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, in fxis rally we see and elsewhere in the e.m., are we done? today, it is extremely high. you could see a self for about two to three months. a stealth -- a still for about two to three months. because global growth is challenged, i think the key weightede.m. trade weakness is not done. commodity prices plummeted. that kind of headwind is not going to be in front of you. the key question is growth. as christine lagarde says, what is the balance sheet to give mobile growth? -- to give global growth. if you don't get that kind of expert growth, you tread weaker.
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that is -- you trend weaker. that is what is going to happen. i think we are in the later stages of this. the view still is that emerging-market currencies have jump.ater to maybe. talked about two the market is not anywhere close to that at this stage. the fed has twisted down toward market consistence. hike from the fed, how does that shape the market? bhanu: the united states is the only country that has cleaned up. if you look at it overall, the has dhe public-sector leveled. there will be a point of impulse for global growth. it will be nowhere close to where it was in the 1990's.
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most importantly, a lot of this growth is becoming more internalized, the demographics in the u.s. is changing and becoming more service-oriented. services being procured onshore as opposed to offshore to the same degree of -- 3% in 1990's. the percent in 2016 if we are lucky. lucky.n 2016, if we are guy: want to get your take on what the governor said this morning. bandar the way jet is going to stay with us. director givesg her first interview of the day to francine lacqua. we'll bring you that later. why the brexit debate is the number one threat to the euro. we speak to the forecaster in 10 minutes time. that is coming up on the pulse. ♪
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guy: you're watching the pulse. -- china'sisitions this get the-- details now with nejra cehic. nejra: thanks guy. this chart pretty much shows what you just said. you can see the new bars. china's monthly outbound m&a.
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you can see that spike in february, more than $60 billion. topped $97als that billion -- this year alone. already the record. meanwhile, the white line is tracking the yuan exchange rate. the yuan versus the dollar. after the worst start to the 2000 11two decades, -- low this january. the currency as client a little bit against the dollar this year. the longer-term outlook is bearish. a blue books strategists that's --loomberg strategists says by year-end. you've got citigroup forecasting a 7% slide through 2017. this means for chinese companies to put money into u.s. market investment. as growth slows in china, there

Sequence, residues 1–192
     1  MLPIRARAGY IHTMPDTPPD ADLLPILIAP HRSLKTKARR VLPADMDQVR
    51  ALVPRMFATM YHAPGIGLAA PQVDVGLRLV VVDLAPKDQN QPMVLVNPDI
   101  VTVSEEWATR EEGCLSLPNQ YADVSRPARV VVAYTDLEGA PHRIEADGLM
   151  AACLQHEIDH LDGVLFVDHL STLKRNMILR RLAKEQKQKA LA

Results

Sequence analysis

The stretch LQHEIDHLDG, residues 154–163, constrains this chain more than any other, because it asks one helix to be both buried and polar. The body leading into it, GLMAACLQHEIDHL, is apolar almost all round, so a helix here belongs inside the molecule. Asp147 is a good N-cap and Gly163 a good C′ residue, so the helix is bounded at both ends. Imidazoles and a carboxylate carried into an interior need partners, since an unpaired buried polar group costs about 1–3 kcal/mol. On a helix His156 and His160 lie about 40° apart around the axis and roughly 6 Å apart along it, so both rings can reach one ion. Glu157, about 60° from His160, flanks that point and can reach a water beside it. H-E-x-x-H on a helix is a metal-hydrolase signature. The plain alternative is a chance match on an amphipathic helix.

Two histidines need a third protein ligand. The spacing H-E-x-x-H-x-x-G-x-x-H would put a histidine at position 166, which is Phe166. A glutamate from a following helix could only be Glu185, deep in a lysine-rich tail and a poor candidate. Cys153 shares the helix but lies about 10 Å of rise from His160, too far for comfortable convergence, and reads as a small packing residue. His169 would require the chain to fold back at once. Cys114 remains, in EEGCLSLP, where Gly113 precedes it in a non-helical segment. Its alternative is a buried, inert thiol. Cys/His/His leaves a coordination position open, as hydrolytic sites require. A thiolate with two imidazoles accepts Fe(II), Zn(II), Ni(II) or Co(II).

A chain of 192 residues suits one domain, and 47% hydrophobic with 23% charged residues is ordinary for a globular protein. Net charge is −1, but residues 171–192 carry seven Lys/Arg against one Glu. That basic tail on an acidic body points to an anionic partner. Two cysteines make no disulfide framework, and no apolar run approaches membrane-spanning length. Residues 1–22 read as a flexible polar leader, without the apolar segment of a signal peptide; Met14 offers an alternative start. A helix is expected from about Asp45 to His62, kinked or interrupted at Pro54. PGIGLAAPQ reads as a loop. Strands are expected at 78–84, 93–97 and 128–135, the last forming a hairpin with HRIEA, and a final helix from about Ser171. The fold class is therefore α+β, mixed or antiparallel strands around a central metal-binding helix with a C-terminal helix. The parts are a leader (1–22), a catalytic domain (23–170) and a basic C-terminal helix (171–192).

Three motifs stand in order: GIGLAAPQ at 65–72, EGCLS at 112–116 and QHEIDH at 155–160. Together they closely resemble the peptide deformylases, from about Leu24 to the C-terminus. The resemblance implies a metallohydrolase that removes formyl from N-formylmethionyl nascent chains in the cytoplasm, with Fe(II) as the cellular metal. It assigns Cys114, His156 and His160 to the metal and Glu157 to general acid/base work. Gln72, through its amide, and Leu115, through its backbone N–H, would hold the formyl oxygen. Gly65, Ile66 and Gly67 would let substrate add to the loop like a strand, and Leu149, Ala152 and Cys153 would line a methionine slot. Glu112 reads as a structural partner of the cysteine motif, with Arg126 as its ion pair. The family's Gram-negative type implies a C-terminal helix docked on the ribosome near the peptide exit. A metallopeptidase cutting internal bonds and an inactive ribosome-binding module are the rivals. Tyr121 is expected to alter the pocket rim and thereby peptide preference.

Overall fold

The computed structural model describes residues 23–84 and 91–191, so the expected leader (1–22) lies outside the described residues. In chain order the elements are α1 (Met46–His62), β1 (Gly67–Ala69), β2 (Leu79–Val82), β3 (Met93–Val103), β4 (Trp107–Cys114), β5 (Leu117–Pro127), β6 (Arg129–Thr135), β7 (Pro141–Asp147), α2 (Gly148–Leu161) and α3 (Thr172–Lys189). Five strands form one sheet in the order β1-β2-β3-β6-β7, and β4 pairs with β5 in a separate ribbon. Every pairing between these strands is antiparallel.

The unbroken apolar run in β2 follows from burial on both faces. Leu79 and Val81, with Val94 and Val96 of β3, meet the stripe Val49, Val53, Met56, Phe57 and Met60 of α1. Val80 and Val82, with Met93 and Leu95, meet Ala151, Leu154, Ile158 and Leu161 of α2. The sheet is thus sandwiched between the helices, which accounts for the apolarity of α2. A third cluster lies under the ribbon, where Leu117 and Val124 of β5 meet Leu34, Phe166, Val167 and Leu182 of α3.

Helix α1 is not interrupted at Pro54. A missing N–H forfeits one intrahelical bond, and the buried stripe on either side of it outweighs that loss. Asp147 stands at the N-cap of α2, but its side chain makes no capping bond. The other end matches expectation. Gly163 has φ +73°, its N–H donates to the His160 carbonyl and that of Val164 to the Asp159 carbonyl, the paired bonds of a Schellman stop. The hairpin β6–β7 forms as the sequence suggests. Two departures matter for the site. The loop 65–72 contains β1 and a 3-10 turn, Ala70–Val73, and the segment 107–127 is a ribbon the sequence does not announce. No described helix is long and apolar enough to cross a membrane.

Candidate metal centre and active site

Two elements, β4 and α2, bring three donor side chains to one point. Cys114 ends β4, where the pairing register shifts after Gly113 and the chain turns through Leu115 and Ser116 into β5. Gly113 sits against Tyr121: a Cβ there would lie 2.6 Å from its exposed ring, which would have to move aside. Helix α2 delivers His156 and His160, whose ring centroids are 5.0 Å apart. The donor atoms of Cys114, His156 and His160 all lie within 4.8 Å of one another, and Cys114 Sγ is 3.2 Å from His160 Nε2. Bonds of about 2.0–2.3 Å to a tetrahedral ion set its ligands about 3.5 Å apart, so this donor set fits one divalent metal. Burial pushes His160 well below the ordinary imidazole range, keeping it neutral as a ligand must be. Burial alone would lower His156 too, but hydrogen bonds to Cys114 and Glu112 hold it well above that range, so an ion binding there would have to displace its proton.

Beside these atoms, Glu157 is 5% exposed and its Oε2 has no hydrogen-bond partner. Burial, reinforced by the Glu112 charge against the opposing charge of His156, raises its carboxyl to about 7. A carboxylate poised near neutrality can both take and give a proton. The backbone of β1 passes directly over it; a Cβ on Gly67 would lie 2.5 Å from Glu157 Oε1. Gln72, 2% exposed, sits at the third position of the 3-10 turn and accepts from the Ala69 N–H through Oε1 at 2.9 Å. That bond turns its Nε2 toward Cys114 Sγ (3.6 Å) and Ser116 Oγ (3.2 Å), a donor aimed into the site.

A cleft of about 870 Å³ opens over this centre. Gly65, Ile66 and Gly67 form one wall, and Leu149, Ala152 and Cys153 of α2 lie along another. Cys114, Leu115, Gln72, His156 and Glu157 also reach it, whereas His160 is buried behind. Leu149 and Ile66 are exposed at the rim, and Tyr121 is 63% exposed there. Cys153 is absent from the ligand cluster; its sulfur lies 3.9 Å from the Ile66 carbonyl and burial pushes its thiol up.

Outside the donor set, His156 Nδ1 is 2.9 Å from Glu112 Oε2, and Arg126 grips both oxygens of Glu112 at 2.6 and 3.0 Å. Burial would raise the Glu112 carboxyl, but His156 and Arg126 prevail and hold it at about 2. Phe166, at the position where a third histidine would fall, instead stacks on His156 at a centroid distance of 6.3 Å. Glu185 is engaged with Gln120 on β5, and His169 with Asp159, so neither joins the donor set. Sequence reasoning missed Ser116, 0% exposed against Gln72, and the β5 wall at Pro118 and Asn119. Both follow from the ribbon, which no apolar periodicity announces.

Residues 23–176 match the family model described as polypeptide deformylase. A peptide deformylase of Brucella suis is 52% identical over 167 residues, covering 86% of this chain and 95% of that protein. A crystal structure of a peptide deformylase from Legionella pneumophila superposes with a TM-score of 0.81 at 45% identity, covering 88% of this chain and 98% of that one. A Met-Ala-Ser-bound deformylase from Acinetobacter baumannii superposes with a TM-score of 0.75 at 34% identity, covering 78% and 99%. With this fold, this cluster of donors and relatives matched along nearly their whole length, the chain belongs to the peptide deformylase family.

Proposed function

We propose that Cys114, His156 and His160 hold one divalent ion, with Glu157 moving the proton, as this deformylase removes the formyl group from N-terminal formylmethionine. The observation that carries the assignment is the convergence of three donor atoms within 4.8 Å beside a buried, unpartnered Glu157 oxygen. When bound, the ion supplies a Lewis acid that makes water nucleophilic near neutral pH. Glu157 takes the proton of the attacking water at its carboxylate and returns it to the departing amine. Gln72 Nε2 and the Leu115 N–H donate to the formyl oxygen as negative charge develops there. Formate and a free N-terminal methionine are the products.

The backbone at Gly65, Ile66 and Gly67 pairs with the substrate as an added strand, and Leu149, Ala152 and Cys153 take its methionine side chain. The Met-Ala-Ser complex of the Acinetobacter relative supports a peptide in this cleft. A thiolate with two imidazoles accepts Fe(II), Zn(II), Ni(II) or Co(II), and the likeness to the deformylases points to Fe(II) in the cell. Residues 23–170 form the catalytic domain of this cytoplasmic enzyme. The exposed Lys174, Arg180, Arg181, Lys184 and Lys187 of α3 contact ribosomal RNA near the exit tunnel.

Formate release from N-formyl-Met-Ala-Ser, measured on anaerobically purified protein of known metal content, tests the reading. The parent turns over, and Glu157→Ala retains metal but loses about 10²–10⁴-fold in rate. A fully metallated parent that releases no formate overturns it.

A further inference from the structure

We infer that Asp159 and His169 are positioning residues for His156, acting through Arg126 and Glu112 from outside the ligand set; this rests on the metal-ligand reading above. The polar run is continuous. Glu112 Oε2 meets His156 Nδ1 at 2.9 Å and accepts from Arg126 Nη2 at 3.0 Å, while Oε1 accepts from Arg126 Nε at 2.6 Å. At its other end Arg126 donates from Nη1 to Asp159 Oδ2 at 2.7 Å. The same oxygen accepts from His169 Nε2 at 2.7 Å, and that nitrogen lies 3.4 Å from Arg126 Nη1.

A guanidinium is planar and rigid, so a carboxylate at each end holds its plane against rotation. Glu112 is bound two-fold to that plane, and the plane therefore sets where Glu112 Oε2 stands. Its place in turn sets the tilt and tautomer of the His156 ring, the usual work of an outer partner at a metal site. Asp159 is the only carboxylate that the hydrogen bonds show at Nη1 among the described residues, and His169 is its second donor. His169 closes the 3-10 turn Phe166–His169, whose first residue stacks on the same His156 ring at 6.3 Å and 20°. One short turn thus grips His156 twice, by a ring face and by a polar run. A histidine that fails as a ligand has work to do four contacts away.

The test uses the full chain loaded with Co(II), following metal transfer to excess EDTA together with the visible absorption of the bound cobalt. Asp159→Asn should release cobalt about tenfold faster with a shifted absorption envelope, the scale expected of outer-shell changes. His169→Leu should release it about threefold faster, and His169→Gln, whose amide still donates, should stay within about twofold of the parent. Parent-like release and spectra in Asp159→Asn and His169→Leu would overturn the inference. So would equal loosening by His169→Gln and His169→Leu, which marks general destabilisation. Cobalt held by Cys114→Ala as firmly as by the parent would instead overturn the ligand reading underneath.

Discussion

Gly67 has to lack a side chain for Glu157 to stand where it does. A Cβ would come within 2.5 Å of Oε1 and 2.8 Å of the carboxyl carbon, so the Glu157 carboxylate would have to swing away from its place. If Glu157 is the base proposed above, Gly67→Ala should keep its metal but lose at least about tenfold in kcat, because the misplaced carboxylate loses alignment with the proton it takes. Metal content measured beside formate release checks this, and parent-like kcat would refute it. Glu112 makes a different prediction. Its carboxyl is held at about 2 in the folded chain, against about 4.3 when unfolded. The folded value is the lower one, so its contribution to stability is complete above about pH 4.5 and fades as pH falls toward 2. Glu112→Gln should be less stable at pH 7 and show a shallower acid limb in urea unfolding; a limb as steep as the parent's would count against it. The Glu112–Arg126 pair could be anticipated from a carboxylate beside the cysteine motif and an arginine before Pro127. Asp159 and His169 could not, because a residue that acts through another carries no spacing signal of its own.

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are also benefits to oversee expansion. there is a potential cost of delaying rather than dealmaking. china companies do seem to be getting the message. you get china national chemical call and tsingtao higher. china isnology but suspending -- china's spending spree poses a threat to authorities. this is a surge in outbound m&a due to the trajectory of the yuan. have seen the yuan strengthened against the dollar, we have seen it weaken versus a basket of currency. some are saying weaker yuan against the dollar as well. guy. guy: nara, thank you very much. chinese companies are being rational. the growth project three -- the
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growth trajectory materialize, you need another engine of growth if you're running a business. bhanu: that is the key reason why chinese companies are headed to indonesia. one could question the reason. china is looking for growth outside because it is difficult to grow organically. what i don't think this is is a sign for all chinese companies to run for the hills. there is a negative -- there's a they have weakened the currency. china has a massive growth problem but i don't think it is a near term play at all good china has enough preserves to meet its liability demands. down andiven by paying unwind the trade as opposed to companies or retail investors
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running for the hills looking to buy gold or dollar cash. that was not the reason why it's so a decline. that's why it saw a decline. that should not make us feel warm and fuzzy about chinese growth. it means it is not the right channel to play china's growth. guy: if i was looking for a channel which we are going to see these problems materializing, i think certain crises you see other assets. which is this? bhanu: this is not 1997 with the currency to constrain. -- 1997 where the currency took the strain. i think in this situation, financials in e.m. are likely to trade with strain. what we have ahead of us is a vicious cycle between the financials and the sovereign.